Linguistics and Literature Studies Vol. 8(3), pp. 83 - 89
DOI: 10.13189/lls.2020.080302
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Class and Temporal Disorder in The Little Stranger

Ya-Ju Yeh *
Department of English, Aletheia University, Taiwan


The Little Stranger (2009) depicts the story of the old gentry Ayres family in Hundreds Hall, an eighteenth-century magnificent estate that has lasted long past its former glory in the late 1940s Warwickshire. Faraday, the first-person narrator in the novel, a country physician summoned to treat a new maid in Hundreds Hall, became entwined with the obscure fate of the estate thirty years ago. Through deliberate contacts with the Ayres family, Faraday gradually befriends them. Yet Faraday's frequent visits and aggressive interference with the household chores triggers a sort of temporal disorder from the Ayres family. Since the house is intertwined and laden with secrets and tricks, as if there is a sinister presence, the Ayres family members lapse into their underlying fear and anxiety so that their lives oddly fall apart; at last, it leads to the inevitable collapse of the Hall. This paper examines different layers of temporal disorder which exerts profound influence on the protagonists in Hundreds Hall in The Little Stranger.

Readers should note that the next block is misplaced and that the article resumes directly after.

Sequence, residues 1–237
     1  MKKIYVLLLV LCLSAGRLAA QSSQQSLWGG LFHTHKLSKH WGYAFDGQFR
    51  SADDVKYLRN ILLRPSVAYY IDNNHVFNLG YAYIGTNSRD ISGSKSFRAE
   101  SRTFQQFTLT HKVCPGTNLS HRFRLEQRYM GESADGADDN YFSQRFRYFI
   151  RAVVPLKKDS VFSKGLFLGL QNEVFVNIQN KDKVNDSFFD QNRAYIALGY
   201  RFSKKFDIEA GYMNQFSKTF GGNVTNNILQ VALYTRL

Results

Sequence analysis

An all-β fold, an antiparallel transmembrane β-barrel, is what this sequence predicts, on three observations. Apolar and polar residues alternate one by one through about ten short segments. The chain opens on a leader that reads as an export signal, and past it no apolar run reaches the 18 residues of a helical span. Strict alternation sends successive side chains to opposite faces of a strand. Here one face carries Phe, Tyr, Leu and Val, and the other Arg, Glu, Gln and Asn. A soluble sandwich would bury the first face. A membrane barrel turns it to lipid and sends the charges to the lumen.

Class Identity, Temporal Disorder, Sarah Waters, The Little Stranger

Cite This Paper in IEEE or APA Citation Styles
(a). IEEE Format:
[1] Ya-Ju Yeh , "Class and Temporal Disorder in The Little Stranger," Linguistics and Literature Studies, Vol. 8, No. 3, pp. 83 - 89, 2020. DOI: 10.13189/lls.2020.080302.

(b). APA Format:
Ya-Ju Yeh (2020). Class and Temporal Disorder in The Little Stranger. Linguistics and Literature Studies, 8(3), 83 - 89. DOI: 10.13189/lls.2020.080302.